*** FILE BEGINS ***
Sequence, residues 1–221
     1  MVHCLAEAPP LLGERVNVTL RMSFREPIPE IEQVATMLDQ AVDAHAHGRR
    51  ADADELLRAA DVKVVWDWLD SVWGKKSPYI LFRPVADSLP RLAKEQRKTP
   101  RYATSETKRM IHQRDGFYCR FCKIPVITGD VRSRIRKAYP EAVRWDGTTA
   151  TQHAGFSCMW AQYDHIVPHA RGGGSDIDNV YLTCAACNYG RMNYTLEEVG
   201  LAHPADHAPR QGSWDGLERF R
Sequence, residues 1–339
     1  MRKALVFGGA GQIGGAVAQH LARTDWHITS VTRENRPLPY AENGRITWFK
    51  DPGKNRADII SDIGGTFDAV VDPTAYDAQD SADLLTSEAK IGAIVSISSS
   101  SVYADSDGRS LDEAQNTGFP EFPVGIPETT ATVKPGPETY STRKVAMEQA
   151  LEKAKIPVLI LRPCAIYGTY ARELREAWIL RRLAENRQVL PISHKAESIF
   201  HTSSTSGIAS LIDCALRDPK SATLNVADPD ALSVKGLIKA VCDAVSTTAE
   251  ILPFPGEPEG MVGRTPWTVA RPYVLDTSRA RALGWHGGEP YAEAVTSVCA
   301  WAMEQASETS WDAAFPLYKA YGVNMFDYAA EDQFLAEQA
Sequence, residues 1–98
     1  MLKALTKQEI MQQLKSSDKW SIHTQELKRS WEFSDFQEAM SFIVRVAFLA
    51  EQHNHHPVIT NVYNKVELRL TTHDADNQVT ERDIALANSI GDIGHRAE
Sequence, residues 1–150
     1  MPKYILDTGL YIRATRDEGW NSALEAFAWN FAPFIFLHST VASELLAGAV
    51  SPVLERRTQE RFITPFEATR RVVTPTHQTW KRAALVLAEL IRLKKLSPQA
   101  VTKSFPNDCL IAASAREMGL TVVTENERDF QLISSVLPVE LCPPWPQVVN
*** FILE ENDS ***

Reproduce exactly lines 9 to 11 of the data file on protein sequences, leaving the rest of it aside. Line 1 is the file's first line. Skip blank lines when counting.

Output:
    51  DPGKNRADII SDIGGTFDAV VDPTAYDAQD SADLLTSEAK IGAIVSISSS
   101  SVYADSDGRS LDEAQNTGFP EFPVGIPETT ATVKPGPETY STRKVAMEQA
   151  LEKAKIPVLI LRPCAIYGTY ARELREAWIL RRLAENRQVL PISHKAESIF